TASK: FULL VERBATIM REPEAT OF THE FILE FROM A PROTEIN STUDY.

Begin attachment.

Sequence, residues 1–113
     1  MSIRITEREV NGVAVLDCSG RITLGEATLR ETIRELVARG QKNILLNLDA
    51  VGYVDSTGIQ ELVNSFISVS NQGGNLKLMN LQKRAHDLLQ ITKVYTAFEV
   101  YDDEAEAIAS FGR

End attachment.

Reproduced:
Sequence, residues 1–113
     1  MSIRITEREV NGVAVLDCSG RITLGEATLR ETIRELVARG QKNILLNLDA
    51  VGYVDSTGIQ ELVNSFISVS NQGGNLKLMN LQKRAHDLLQ ITKVYTAFEV
   101  YDDEAEAIAS FGR